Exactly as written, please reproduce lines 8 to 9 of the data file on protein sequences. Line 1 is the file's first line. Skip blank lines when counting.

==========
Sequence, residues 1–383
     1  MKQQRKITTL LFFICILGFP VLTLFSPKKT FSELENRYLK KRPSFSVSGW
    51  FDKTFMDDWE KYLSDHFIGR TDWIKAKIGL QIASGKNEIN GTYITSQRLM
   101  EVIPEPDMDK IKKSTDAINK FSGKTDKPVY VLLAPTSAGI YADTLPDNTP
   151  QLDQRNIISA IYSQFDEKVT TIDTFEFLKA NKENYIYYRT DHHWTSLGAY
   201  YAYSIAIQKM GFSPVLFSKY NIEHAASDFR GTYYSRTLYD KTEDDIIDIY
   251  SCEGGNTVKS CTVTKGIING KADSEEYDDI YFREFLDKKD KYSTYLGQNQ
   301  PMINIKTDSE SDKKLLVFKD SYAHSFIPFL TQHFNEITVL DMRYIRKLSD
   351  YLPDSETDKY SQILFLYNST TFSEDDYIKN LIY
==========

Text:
   301  PMINIKTDSE SDKKLLVFKD SYAHSFIPFL TQHFNEITVL DMRYIRKLSD
   351  YLPDSETDKY SQILFLYNST TFSEDDYIKN LIY